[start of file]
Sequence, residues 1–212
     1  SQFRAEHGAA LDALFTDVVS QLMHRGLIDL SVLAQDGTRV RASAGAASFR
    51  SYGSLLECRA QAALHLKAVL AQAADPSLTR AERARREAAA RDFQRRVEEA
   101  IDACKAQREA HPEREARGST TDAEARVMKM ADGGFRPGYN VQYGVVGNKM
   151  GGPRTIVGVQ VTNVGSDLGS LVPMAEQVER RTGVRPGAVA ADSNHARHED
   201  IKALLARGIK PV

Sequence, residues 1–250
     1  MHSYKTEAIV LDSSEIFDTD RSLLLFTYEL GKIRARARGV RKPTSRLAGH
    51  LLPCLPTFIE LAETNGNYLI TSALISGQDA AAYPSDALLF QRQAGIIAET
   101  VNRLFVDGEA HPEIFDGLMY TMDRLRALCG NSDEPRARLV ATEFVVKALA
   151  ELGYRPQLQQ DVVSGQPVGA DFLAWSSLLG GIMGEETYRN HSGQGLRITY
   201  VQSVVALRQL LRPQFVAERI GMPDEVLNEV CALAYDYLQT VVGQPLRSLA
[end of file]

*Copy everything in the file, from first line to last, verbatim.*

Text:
Sequence, residues 1–212
     1  SQFRAEHGAA LDALFTDVVS QLMHRGLIDL SVLAQDGTRV RASAGAASFR
    51  SYGSLLECRA QAALHLKAVL AQAADPSLTR AERARREAAA RDFQRRVEEA
   101  IDACKAQREA HPEREARGST TDAEARVMKM ADGGFRPGYN VQYGVVGNKM
   151  GGPRTIVGVQ VTNVGSDLGS LVPMAEQVER RTGVRPGAVA ADSNHARHED
   201  IKALLARGIK PV

Sequence, residues 1–250
     1  MHSYKTEAIV LDSSEIFDTD RSLLLFTYEL GKIRARARGV RKPTSRLAGH
    51  LLPCLPTFIE LAETNGNYLI TSALISGQDA AAYPSDALLF QRQAGIIAET
   101  VNRLFVDGEA HPEIFDGLMY TMDRLRALCG NSDEPRARLV ATEFVVKALA
   151  ELGYRPQLQQ DVVSGQPVGA DFLAWSSLLG GIMGEETYRN HSGQGLRITY
   201  VQSVVALRQL LRPQFVAERI GMPDEVLNEV CALAYDYLQT VVGQPLRSLA